USD/NGN Price Forecast Q4 2020: The CBN Expected to Raise the Peg Again
The Nigerian Naira which started life in the 1970s, at an exchange rate of 2-1 against the GBP, is a pegged currency, but the peg has since been changed to the USD, since the US is Nigeria’s main trading partner. Following the fall in the crude Oil price, the USD/NGN was trading just below 200, which was the peg for this pair after the decline in the NGN. The Central Bank of Nigeria (CBN) announced that it would remove the peg, and the USD/NGN then surged to $ 354, before setting at $ 307, which seemed like a new peg.
That peg lasted until March this year, when the coronavirus breakout forced the CBN to move it higher to $ 360, and then up to $ 380 in July 2020, where it has remained since. Despite the weakness of the USD, this pair has been moving higher this year, which means that bullish is the only way to go for USD/NGN traders, although they should take inflation, which stands at around 13%, into consideration.
Current USD/NGN Price: $
Recent Changes in the USD/NGN Price
|Period||Change ($)||Change %|
|30 Days||$ 0.00||0.0%|
Factors Affecting the USD/NGN
The Nigerian Naira is vulnerable to a number of factors. Since oil is Nigeria’s main export, their oil exports and the revenues that it generates drive the NGN. This is a great source of foreign exchange, and USD in particular, for the African state. Inflation in Nigeria is also a factor, since it affects the monetary policy decisions by the CBN. COVID-19 has had an impact everywhere, especially in developing countries. The USD has also performed negatively during these COVID times, while right now, the US election drama and the next stimulus programme from the US government are the most important factors for the USD.
|USD/NGN Forecast Q4 2020||USD/NGN Forecast 1 Year||USD/NGN Forecast 3 Years|
|Price: $ 380|
Price Drivers: Oil prices, FX reserves in Nigeria, US elections, Covid-19
|Price: $ 430-450 |
Price Drivers: Post US elections, Covid-19, Oil Demand
|Price: $ 500-600|
Price Drivers: Global politics, Global economy, Oil prices, CBN
The NGN/USD Price Prediction for the Next 5 Years
Nigerian Naira – A Fundamental Analysis
As mentioned above, foreign currency reserves play a major role in the value of the Naira, particularly the USD in relation to the USD/NGN. The foreign reserves declined along with the oil prices early in 2020, and despite the rise to $ 40, the price still remains low. The prospects of oil moving much higher are low, with the top price projected at $ 50-55 at the most, since the new coronavirus measures in Europe and the US are increasing and the winter is expected to be gloomy.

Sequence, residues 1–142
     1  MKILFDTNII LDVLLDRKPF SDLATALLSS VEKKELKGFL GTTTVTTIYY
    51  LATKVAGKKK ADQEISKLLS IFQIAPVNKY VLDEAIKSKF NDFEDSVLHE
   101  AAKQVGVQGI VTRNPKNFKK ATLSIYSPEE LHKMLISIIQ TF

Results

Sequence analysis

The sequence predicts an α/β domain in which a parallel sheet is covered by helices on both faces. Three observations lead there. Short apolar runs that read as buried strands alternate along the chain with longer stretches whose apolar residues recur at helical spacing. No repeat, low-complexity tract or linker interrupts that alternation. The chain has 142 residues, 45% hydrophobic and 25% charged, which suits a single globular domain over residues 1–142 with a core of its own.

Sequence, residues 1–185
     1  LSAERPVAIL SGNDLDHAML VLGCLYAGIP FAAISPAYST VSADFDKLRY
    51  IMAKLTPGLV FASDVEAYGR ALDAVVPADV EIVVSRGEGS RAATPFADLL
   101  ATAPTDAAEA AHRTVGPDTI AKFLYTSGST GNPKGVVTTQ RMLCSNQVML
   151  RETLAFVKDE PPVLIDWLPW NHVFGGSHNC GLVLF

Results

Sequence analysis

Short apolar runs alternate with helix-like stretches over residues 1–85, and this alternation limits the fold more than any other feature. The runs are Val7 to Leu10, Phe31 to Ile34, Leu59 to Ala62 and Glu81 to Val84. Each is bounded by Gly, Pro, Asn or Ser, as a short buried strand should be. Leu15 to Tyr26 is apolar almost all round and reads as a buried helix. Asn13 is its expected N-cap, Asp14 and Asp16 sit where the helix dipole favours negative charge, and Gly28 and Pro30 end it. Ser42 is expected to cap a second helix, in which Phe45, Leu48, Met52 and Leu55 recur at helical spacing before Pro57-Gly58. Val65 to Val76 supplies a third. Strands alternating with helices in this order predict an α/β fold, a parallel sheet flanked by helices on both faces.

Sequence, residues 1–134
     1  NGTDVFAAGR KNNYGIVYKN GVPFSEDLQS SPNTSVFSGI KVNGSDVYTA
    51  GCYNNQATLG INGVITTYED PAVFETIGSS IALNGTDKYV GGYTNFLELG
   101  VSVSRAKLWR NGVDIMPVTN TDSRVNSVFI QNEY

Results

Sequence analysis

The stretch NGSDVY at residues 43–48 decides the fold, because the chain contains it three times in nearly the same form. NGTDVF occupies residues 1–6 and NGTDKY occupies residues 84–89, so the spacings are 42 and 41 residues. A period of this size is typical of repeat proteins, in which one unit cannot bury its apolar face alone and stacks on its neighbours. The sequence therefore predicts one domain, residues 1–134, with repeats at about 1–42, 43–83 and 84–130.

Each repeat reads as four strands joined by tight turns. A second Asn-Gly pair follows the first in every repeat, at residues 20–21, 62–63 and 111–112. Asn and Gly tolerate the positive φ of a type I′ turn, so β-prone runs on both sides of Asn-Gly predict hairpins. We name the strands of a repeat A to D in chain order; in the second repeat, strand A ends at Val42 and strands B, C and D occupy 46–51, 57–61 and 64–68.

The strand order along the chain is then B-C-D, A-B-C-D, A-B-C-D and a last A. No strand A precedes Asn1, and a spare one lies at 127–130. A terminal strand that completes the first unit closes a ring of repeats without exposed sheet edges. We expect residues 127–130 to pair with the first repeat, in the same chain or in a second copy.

The current situation has led to a 4% recession in Nigeria, while inflation has surged to 13.2%. This has led the CBN to move the peg higher, in order to devalue the currency, first from $ 307 to $ 360 and then from $ 360 to $ 380. However, the exchange rate on the black market is around 470 for the USD/NGN, which suggests that the CBN will probably increase the peg again to match that rate.
USD – Fundamental Factors
The USD has also been negatively affected by the coronavirus and the restrictions since March. It has been the weakest among major currencies, but it has still performed better than the Nigerian Naira, which is a risk currency, the opposite of the safe havens such as Gold. This tells us that when the USD starts to increase against major currencies, it will keep the pressure towards the upside for this pair. Right now, the USD is still waiting for the US election process to come to an end, which is why it has stagnated for most of November, while the final outcome of the elections will also be decisive for the next fiscal programme released by the US government. The USD will probably turn bullish for some time if the stimulus package is decent – similar in size to the previous one. Until then though, the USD is expected to be trading range-bound, and so is the USD/NGN.
USD/NGN – A Technical Analysis – The 20 SMA has Caught up with the Price once Again
The USD/NGN was trading below 100 in the early 2000s, with a bias to the upside. Moving averages were providing support, but from 2004 until 2008, we saw a slight pullback, and the 20 SMA (grey) turned from support into resistance on the monthly chart. Then, at the end of 2008, we saw a jump during the global financial crisis, and the buyers have been in charge since then, with the pace of the uptrend increasing considerably. The 20 SMA turned into support again from 2009 until 2014, when the oil prices started their big reversal down.
USD/NGN moving up in steps
The USD/NGN jumped from 160 to 200 and settled there for some time, until the 20 SMA caught up with the price again. The CBN removed the peg for the first time back then, and this pair surged higher again, this time to 355, before settling at 307, until March this year, when the peg was put in place again, at $ 360, with the 20 SMA providing support once again, for more than two years.
The higher Mas are adding top the 20 SMA as support on the weekly chart
On the weekly chart, we see that the 20 SMA has been helped by the 50 SMA (yellow) and the 100 SMA (green) at times. The moves here are clearer, with the first one, which was gradual, taking place in 2014-15, before the surge in 2016, and again in March 2020, when the 200 SMA (purple) just caught up, and once again in the first week of July. Now the 20 SMA has just caught up. If the lock-downs that were resumed in November should continue, the global economy will fall into recession again, sending oil prices down and the USD/NGN higher.